Driving the New B.M.C. Mini-Cars

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The B.M.C. laid on a party for Continental journalists on August 19th (at which Paul Frere was rumoured to have lapped in 2 min. 2 sec.) and for British journalists on August 20th at the F.V.R.D.E. at Chohham for the purpose of sampling their new babies in motion. The release date was August 26th, for those papers which had not “jumped the gun.”

I was able to drive six miles round the speed track and snake in a Mini-Minor and while such a brief acquaintance tells you very little, it did confirm in no uncertain fashion the safe-handling qualities of these remarkable little four-seaters. There is a not too excessive understeer tendency which changes to oversteer on a corner if power is turned off. 60 m.p.h. shows on the speedometer in third gear and 70 in top, and at the latter speed there is some engine hum but noticeably little wind-roar.

Later it was possible to see how easily a one-in-four gradient could be taken in third gear from a rolling start, the cars also restarting unconcernedly in bottom gear on this hill. Driving round an untreated (dry) skid-pan confirmed the absence of any vicious oversteer. The steering is very precise and reasonably light and special treatment of the rack and pinion seems to have eliminated the kick-back usually associated with this layout. The long gear lever and floor starter button are reminiscent of far earlier Austin Sevens. Steering calls for 21/ turns, lock-to-lock.

Details of controls layout, etc., must wait until it is possible to publish a full road-test report but the flashers stalk on the right of the steering column is useful and the de-luxe Mini-Minor I drove had speedometer with transparent needle for easy reading of the figures, ash-trays and lamps in each rear parcels container, etc. There are double sliding front windows and the rear windows open slightly, an arrangement said to provide highly efficient ventilation.

At lunch it was interesting to chat with Alec Issigonis about the new cars, which must surely completely undermine Continental mini-car sales in this country and probably throughout the World. He remarked that he found it easier to silence the mechanical side of the car with the transverse engine than with the power unit normally placed. He gives tyre life as 12,000 miles from the driving wheels, 13,000 from the back wheels, but Dunlop Duraband covers will eventually be available which are expected to triple these mileages. Issigonis says he discarded air-cooling for various reasons, of which a very important one is that he could go up on compression-ratio by 1½ ratios with water-cooling. He is a firm believer in high compression-ratios for maximum petrol economy.

It now remains to check on a few pertinent points, such as petrol economy, ability to negotiate mud, and accelerative abilities, which we shall do as soon as one of these refreshingly new and “different” cars is placed at our disposal for road-test. Further comments on the new B.M.C. project will be found on pages 678-680 and in our Editorial. — W.B.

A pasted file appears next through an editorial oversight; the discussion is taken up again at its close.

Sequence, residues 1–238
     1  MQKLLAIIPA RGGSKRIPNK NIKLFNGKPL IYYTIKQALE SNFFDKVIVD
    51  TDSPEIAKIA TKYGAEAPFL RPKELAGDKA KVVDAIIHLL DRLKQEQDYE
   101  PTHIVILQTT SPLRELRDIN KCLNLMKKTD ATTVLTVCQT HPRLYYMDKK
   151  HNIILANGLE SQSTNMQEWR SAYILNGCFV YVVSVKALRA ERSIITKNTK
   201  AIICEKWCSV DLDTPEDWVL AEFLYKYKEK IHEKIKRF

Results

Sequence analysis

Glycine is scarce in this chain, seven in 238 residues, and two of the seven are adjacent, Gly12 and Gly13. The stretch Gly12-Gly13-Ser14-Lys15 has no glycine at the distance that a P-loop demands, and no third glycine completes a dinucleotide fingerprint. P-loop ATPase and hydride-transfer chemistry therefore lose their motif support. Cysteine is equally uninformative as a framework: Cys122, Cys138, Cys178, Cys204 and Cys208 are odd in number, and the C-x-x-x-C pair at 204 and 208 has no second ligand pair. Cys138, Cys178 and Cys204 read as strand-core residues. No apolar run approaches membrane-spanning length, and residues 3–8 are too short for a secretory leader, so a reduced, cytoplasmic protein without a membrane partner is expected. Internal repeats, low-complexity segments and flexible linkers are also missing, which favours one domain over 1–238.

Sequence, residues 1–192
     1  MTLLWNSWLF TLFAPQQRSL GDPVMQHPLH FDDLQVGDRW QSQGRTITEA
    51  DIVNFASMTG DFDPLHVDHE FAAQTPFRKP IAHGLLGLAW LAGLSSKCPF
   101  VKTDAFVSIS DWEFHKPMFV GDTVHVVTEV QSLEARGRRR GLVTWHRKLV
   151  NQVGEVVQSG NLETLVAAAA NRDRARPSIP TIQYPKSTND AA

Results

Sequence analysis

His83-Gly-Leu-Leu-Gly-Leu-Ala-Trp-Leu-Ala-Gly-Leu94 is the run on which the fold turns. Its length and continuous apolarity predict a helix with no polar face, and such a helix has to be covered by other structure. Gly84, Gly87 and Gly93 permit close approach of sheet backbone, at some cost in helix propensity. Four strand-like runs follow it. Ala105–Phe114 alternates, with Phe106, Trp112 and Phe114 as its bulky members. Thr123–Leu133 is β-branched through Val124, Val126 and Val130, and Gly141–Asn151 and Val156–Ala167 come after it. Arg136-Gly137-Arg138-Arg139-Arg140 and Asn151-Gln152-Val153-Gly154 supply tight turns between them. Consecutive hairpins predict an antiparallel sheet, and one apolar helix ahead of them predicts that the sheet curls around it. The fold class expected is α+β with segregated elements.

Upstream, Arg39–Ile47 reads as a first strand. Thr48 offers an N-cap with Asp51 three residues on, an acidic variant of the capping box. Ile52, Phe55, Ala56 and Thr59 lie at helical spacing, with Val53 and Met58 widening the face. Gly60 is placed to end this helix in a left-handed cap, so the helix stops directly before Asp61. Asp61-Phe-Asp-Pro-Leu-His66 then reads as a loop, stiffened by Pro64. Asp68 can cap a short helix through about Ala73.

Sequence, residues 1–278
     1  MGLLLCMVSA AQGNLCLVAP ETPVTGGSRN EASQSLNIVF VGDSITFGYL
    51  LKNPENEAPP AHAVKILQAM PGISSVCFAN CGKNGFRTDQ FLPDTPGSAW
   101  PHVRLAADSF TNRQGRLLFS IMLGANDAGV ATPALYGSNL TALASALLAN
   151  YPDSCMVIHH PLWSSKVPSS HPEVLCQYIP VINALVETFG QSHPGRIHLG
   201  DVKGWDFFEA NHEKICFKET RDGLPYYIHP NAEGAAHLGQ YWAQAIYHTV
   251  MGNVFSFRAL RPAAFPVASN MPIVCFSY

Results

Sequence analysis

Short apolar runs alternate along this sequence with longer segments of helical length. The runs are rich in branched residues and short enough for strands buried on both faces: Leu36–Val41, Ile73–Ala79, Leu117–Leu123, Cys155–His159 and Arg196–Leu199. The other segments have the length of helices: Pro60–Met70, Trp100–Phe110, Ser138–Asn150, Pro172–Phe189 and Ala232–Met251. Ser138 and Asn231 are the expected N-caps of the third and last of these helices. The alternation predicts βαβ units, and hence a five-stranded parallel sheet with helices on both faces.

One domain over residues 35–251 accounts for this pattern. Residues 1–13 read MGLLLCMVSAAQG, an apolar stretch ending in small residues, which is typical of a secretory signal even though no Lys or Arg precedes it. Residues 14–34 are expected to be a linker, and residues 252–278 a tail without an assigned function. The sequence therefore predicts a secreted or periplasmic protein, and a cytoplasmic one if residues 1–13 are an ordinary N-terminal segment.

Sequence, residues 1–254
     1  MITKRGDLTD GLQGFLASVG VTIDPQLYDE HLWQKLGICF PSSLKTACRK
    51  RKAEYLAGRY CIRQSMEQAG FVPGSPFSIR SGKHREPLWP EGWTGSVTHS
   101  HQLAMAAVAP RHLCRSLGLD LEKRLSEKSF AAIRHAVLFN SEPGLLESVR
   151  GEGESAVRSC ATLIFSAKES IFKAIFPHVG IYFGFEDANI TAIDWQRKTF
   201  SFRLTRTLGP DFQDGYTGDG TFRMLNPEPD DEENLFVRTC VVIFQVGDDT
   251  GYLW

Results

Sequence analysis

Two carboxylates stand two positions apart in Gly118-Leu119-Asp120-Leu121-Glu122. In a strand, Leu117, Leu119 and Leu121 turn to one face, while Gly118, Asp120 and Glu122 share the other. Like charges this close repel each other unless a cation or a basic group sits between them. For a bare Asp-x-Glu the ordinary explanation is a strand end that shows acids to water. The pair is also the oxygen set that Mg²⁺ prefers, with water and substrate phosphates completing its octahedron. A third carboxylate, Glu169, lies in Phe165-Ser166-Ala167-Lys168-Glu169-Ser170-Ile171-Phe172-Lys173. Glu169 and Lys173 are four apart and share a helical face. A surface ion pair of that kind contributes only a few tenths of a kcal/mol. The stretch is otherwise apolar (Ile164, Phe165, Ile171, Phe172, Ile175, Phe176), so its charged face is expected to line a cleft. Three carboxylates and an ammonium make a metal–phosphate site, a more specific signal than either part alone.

Alec Issigonis, designer of the sensational new rubber-suspended B.M.C. mini-cars, was born in Smyrna in 1906 and came to this country in 1922 at the age of 16. It was not until then that he first saw a motor car. He studied from 1922 at London University and his first job was with a firm who specialised in car suspension units. From them he went to another firm as a specialist in suspensions. He joined Morris Motors Limited as a suspension expert in 1936 and was shortly afterwards given the job of design in general. As a hobby he and Dowson built the successful rubber-suspended Lightweight Special. It is stated that the preliminary sketch of the Morris Minor as we know it today was made on the back of an envelope in an air-raid shelter during the war. In 1952 he went to Alvis Ltd., where he was responsible for a very advanced 3¼-litre V8 high-performance car with hydraulic suspension which never went into production. In 1956 he returned to the British Motor Corporation, where he now holds the appointment of Chief Designer.

The D.A.F. in Production

Last March the first two D.A.F. 600s, the little car with belt-drive automatic transmission which aroused considerable interest at last year’s Earls Court Show, were delivered. One went to the first person to place an order some years ago for the new Dutch car, the other to the only lady burgomaster in the Netherlands. as a gift from her municipality. The D.A.F. is now in full production and 150 dealers have been appointed in Holland. It is planned to export 20,000 D.A.F.s to America next year, as a “warming-up” move to whet U.S. appetites.

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The London Motor Club are again holding their popular London Rally, the ninth in the series. This year it will take place on September 18/19th. Starting points will be London, Leeds and Taunton with the Finish at the Royal Ascot Hotel, Ascot. Entry forms are available from Mrs. J. Actman, 18 Marlborough Road, Richmond, Surrey.

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Romford Enthusiasts Cur Club are holding a sprint meeting at Snetterton on Sunday, September 13th. The course will be  ¾ mile long starting on the home straight and passing through the Esses and Coram Curve. Proceedings commence at 2.30 p.m.

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The Malvern Urban District council are holding a Concours d’Elegance in Victoria Park, Malvern Link, on Saturday, September 12th, commencing at 1 p.m. Classes range from Veteran and Vintage to “Specials” and motor-cycles. Entry forms can be obtained from Mr. R. A. Gammons, Winter Gardens, Malvern.

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